The Accidental Pervert is a salacious peek into a small town Pennsylvania boy's bedroom window, and underpants. After viewing, I ended up feeling a little dirty, a little horny. So I called my cheerleading squad right over, and we all took a shower. But seriously folks, porn addiction is a real problem. It can take over a person's life, make them shun their usual pastimes, avoid real partners in favor of Miss Rosy Palms, and deem real people unacceptable if they are less than perfectly Porn-a-riffic at all times. Isolating, self indulgent, and a big black hole of wasted time, I don't think anyone would call jerking it all day a healthy hobby.
In Andrew Goffman's one-man autobiographical piece The Accidental Pervert, culled from his standup routine, we see the direct result of one boy's love affair with his penis, his palm, and his porn collection, how it warps his view of women and relationships, and how it takes over his life until it one day magically stops—when he meets a hot enough (plus genius!) woman whom he wants to get to know (and "bang") long term.
And, while I thank writer/performer Goffman for sharing his jerk-off journey so graphically and honestly—his no-hands technique with the Adidas shirt, his teacher and "MILF" (Moms I'd Like to F*&%) fantasies; his wanking favorites all laid bare: bad boy spankings, naughty nympho cheerleaders, and motor boating on gigantic breasts—the fact that he was saved from porn's firm and greasy grip by his future wife's extreme saintly hotness, her nuclear physicist brain / Victoria's Secret model body combo seems more like a replacement fantasy than a real cure.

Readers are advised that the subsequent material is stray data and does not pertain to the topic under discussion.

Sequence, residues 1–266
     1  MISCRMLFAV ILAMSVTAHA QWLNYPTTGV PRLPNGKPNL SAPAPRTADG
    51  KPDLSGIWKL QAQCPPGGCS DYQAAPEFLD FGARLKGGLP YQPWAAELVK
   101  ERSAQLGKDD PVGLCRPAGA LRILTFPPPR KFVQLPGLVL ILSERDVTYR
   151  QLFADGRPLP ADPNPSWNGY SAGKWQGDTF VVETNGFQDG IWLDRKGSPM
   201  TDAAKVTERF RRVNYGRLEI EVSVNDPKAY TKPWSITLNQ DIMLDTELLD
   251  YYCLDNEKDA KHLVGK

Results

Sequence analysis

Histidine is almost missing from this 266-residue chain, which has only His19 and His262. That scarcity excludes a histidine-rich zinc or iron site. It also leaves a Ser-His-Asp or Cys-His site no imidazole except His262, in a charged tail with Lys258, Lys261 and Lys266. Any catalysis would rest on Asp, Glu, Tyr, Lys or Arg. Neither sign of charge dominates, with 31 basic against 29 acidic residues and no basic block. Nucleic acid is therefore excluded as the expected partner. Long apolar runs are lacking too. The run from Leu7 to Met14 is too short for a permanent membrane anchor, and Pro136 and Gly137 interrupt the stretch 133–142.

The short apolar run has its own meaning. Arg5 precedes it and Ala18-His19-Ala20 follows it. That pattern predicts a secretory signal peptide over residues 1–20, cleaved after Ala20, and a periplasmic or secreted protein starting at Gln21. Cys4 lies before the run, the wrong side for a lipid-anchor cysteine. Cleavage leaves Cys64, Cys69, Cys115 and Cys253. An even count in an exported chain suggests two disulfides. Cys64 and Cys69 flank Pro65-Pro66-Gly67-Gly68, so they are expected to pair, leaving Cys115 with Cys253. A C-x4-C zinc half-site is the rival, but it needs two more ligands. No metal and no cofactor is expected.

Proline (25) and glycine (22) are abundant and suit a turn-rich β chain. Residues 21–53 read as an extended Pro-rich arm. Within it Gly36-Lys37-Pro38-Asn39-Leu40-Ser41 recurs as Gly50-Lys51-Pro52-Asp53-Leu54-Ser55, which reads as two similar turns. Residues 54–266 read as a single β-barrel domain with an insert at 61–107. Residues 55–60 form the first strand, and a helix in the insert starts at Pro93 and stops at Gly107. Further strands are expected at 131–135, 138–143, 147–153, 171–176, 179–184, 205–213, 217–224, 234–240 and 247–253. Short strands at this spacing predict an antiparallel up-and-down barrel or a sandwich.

Goffman does a thorough job of breaking it down for us in a strangely wholesome, earnest, innocent way. That his addiction was to his father's old 1970s porn somehow makes his story more pathetic. We see a clip of one classic where a woman's giant boobs smother a man in a motor boating accident. We hear snippets from various porn parodies, in particular Darth Vader and his light saber getting busy.
Director Charles Messina moves the show along at a fast pace, and pulls what were a lot of smutty jokes into a cohesive narrative. There are some nicely performed 1980s dances, choreographed by Sherri Norige, of the type you might see at a Long Island wedding: the Cabbage Patch, the Roger Rabbit, the Running Man. I was kind of disappointed the Electric Slide wasn't featured.
Anthony Augello's set is perfectly cluttered and kitschy, I thought we were taking a glimpse into a certain ex-boyfriend's tissue-strewn apartment. Josh Iacovelli's lighting is evocatively moody, with plenty of hot red spotlights to highlight the money moments, but the sound by Andrew Wingert blares fitfully and really, really loudly. It doesn't fit with the furtive, sneaky nature of Goffman's porn confessional.
Ultimately, what was learned from this addiction? Nothing! Goffman tells us: he put away the porn solely because he wanted to do his new fantasy: future Mrs. Goffman. And when the honeymoon was over because of the sheer exhaustion of their new baby, his solution? After a brief relapse, "abstinence." Yeah, right. I hope this play helps people realize that there is a time for jerkin it, and a time for connecting with a real partner, and hopefully making a connection to that person and getting it on in a mutually hot way.